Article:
The more they stay the same. Well, not exactly.
I’ve been winnowing my old files. The stuff I come across sometimes amazes me, things I wrote that I don’t remember or don’t remember saving or why. Two recent discoveries remind me that over the decades I have witnessed an amazing span of history, technological developments, a world that has evolved with increasing complexity and interconnectiveness. Yet, still, some of the old political issues are not old at all. They have merely festered and changed their spots.
I found copies of two letters I wrote in my salad days, the first to the New York Times commenting on their editorial on Barry Goldwater’s nomination, a man who, in retrospect, seems tame by today’s conservative / tea party crowd. However, at the time of his presidential candidacy in 1964, he had not ruled out the use of tactical nuclear weaponry against our Cold War nemesis, the Soviet Union, and anyplace where communism was being supported. Johnson beat him badly in 1964. Interestingly Goldwater moderated in his later years as a statesman, and in my mind redeemed himself, although always a staunch conservative in the classic intellectual sense, not the bible-thumping variety of today.
In any case, at the height of Goldwater’s rise to the nomination in 1964, the twenty one year old me wrote the following to the New York Times:
July 19, 1964
New York Times
New York, New York
To the Editor:
“Disaster at San Francisco,” indeed, may yet become a disaster for America. Your firm editorial stand against Senator Barry Goldwater must be continued to help defeat this dangerous radical, so that we may prove to ourselves and to the rest of the world that “it can’t happen here.”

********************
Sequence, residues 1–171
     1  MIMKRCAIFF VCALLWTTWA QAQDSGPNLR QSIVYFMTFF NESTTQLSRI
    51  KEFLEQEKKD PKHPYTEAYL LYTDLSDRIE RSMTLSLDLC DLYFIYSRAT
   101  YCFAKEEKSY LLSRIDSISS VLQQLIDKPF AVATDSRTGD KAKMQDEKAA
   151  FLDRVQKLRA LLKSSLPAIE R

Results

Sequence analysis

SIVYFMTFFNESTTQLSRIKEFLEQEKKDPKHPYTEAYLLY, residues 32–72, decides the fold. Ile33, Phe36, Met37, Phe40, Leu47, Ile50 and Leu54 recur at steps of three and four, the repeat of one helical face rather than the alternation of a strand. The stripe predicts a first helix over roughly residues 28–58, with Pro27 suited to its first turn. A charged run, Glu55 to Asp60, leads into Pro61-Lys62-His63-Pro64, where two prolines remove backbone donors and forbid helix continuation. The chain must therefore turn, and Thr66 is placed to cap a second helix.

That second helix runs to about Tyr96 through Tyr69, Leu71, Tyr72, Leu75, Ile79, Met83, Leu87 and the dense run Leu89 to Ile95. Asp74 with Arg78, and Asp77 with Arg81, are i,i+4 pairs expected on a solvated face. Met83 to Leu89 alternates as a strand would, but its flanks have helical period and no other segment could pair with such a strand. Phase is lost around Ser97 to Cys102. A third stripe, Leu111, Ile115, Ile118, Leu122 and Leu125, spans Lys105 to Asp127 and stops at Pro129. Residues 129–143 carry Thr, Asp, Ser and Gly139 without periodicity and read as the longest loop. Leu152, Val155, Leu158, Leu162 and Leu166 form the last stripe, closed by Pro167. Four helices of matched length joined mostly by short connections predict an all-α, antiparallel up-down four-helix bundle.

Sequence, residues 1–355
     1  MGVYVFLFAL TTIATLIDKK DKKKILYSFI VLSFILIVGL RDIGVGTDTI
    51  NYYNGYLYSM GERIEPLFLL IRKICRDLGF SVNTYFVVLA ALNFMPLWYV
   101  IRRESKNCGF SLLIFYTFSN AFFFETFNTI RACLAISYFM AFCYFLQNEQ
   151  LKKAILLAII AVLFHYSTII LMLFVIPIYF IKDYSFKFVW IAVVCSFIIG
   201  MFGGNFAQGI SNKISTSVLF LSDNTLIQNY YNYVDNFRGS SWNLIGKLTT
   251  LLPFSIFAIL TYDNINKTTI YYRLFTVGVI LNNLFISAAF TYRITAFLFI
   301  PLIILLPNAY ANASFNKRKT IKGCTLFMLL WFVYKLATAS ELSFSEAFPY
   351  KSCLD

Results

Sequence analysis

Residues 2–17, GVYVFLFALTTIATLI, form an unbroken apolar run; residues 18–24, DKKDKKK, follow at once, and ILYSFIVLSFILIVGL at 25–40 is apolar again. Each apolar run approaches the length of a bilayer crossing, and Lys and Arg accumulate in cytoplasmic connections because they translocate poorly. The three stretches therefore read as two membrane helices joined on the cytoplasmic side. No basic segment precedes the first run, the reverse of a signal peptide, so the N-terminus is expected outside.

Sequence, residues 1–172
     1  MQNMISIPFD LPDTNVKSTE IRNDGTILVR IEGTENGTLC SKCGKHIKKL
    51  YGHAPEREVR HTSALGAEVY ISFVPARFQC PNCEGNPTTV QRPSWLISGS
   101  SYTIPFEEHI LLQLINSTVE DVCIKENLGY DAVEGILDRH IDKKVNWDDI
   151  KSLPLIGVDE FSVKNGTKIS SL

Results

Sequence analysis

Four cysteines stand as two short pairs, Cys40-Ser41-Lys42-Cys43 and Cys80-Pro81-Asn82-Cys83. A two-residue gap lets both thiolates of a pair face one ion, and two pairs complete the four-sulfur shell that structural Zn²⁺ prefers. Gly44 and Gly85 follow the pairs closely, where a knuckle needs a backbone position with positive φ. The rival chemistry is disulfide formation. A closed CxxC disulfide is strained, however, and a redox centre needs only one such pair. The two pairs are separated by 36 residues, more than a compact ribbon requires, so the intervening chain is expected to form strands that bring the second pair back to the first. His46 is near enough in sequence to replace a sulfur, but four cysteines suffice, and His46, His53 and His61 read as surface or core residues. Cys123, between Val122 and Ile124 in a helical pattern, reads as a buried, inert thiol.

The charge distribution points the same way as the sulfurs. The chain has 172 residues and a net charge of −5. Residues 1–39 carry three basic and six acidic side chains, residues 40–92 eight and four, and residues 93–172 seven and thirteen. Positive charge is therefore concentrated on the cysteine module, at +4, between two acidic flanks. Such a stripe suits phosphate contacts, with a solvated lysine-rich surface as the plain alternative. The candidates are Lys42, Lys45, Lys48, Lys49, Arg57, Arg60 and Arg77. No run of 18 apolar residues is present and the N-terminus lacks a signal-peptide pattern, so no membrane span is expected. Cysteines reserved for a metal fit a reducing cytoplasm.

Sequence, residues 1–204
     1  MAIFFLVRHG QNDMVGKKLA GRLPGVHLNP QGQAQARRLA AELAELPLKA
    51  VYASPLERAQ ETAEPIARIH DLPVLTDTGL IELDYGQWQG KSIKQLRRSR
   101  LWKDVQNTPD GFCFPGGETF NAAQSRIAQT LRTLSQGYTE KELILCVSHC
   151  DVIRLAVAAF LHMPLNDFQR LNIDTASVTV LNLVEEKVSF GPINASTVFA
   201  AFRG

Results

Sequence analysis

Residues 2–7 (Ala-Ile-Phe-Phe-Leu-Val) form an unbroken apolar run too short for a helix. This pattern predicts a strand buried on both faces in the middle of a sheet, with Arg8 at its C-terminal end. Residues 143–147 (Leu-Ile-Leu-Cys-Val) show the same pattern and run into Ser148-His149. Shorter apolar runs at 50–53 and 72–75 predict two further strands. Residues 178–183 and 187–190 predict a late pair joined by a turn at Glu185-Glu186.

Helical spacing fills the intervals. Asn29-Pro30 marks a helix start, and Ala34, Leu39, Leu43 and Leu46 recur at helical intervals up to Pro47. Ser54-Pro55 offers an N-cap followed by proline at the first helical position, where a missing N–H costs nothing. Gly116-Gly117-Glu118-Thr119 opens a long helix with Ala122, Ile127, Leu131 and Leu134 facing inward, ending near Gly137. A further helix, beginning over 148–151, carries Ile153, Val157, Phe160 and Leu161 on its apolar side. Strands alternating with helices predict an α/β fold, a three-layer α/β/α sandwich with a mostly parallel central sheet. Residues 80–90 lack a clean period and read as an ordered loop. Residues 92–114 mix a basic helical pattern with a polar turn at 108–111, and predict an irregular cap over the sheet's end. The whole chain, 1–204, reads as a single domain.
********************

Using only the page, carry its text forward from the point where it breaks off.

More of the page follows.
As Hitler made use of Germany’s post-World War One frustrations, Senator Goldwater is a political demagogue who similarly, but more subtly, intends to capitalize on the frustrations of many Americans, frustrations that have arisen in the ashes of domestic racial problems and the tensions of the Cold War. Goldwater tells us, as Hitler told Germany, that we are the strongest country in the world and we should stand up to the opposition (who he vaguely refers to as “the Commies”). This simple, but realistically absurd suggestion, appeals to those who are unable to bear the responsibility of living in these modern times. Unfortunately, there are still many “good citizens” of America who believe that if we act as if it is still the “good old days,” we will recreate those days.
If we are to preserve democracy in our country and continue to encourage democracy abroad, we must condemn political extremists who present oversimplified, irresponsible, and inherently contradictory solutions to complex issues, solutions which would isolate us from our friends abroad and which, conceivably, could destroy the world as we know it.